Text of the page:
The jury is out on the Jeronimo Yanez trial. Yanez, a 29-year-old Latino officer, is charged in the July 6 death of Philando Castile.
After broadcasting on the radio that he believed he was stopping robbery suspects, he approached the passenger side of the car and encountered Philando Castile.
This is where the jury must decide whether there was a crime.
Yanez said that Castile reached for a gun when he told him not to and the prosecutor claims there was not a gun in sight.
Every law enforcement officer in America better be paying attention to this courtroom today. Unlike other officers that have been charged with manslaughter, this suspect had a gun.
The case from the Assistant Ramsey County Prosecutor Jeff Paulsen in his closing statement was that “Officer Yanez used deadly force as a first option rather than a last resort.”
That is not a crime and nothing in case law says that police officers must start from the lowest use of force option, especially when a gun is at play.
The other piece of evidence from the prosecution is they simply say that Yanez never saw a gun, even though he described the gun and what pocket it was in.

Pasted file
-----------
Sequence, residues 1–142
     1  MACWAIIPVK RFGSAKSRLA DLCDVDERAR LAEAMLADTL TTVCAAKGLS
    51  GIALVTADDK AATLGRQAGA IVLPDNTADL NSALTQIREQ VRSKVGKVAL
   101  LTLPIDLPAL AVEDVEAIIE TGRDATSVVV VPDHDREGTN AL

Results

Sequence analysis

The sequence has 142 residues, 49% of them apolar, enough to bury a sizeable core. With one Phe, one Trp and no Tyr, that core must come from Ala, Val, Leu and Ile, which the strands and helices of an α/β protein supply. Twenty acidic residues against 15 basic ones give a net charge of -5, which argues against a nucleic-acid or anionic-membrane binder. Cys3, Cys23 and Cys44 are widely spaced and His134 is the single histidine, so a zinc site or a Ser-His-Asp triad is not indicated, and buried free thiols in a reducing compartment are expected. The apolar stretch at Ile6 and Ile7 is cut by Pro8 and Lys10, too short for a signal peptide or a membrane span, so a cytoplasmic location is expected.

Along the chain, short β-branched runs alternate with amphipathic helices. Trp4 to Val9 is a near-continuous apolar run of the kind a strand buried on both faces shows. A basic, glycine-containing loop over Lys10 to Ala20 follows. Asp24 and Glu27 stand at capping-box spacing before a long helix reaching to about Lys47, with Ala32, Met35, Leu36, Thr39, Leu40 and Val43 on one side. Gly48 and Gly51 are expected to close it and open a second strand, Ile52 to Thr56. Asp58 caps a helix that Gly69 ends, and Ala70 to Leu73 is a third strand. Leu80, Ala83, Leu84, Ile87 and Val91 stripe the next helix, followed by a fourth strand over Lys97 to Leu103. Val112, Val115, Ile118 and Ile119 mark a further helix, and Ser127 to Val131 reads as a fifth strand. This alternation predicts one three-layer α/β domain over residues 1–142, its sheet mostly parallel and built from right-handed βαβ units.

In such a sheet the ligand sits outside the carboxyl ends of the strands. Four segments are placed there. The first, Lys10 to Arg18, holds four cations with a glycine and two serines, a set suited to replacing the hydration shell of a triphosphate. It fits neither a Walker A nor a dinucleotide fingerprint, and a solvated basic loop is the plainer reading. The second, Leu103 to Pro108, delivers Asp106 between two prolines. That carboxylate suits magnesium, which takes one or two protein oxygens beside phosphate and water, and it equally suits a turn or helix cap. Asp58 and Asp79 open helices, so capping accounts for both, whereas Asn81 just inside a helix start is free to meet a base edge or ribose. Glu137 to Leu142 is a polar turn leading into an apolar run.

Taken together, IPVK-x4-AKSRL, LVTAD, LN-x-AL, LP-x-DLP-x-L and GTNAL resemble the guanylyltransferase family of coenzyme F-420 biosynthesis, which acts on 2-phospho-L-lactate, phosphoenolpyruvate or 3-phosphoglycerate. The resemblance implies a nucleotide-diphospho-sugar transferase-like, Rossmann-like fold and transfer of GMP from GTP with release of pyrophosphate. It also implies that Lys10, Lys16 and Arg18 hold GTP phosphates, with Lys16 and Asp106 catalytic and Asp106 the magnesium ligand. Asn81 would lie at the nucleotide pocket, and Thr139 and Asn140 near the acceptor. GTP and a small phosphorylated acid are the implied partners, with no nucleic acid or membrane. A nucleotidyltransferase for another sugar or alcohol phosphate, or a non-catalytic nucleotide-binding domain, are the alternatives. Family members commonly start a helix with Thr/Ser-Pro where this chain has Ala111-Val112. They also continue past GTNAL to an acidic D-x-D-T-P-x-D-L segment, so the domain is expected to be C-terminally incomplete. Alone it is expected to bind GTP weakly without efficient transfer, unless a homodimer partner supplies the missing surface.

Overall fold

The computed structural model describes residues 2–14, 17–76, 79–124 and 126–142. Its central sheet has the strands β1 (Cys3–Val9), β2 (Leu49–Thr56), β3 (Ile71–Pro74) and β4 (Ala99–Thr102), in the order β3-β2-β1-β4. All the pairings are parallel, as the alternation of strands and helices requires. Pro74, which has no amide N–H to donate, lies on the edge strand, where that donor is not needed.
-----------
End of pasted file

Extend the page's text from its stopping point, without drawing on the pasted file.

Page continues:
To convict, a jury would have to believe that a veteran police officer simply walked up to a car and shot a man without seeing any threats. The jury would have to believe that it was simply a coincidence that the same place the Officer Yanez said he saw a gun, a gun was present and that same jury would have to believe that all of that was proven beyond a reasonable doubt.
This is why this case should concern every police officer in America. There is a gun and there is a threat and if Officer Yanez is convicted or even remains in the system with a hung jury, then there isn’t one use of force that couldn’t come under the same scrutiny.
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